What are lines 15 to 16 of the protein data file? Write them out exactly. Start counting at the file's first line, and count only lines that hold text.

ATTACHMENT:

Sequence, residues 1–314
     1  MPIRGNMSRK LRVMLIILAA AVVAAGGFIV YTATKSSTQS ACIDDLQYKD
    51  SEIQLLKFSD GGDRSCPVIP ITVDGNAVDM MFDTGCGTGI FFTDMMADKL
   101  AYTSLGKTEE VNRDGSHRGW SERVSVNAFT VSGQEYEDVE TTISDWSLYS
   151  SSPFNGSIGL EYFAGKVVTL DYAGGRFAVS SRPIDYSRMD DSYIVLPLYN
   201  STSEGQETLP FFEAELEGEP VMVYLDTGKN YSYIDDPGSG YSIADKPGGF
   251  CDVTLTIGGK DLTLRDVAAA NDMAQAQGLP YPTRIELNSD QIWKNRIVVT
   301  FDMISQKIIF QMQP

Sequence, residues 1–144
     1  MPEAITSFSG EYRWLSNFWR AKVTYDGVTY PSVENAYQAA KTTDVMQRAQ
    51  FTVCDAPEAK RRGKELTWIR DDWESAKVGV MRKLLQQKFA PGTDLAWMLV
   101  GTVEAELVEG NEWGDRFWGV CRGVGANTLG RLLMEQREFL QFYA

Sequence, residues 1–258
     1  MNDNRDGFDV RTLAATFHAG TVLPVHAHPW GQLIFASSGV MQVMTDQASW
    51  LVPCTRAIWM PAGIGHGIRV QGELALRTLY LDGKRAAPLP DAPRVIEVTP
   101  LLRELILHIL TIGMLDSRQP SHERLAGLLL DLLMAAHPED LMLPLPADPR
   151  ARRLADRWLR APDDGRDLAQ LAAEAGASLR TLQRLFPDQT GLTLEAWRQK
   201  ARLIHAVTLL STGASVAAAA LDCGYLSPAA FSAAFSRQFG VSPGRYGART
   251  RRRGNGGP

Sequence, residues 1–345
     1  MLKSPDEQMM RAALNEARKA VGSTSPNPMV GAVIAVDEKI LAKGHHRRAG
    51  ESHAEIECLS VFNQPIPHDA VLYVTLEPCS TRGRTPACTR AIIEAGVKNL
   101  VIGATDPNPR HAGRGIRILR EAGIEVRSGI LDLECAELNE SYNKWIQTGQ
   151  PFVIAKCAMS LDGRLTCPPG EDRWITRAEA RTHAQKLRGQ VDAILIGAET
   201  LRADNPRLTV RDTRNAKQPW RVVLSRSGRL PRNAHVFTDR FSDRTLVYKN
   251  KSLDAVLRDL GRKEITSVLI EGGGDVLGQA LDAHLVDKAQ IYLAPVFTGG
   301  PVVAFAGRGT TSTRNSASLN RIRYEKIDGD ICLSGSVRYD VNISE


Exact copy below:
    51  LVPCTRAIWM PAGIGHGIRV QGELALRTLY LDGKRAAPLP DAPRVIEVTP
   101  LLRELILHIL TIGMLDSRQP SHERLAGLLL DLLMAAHPED LMLPLPADPR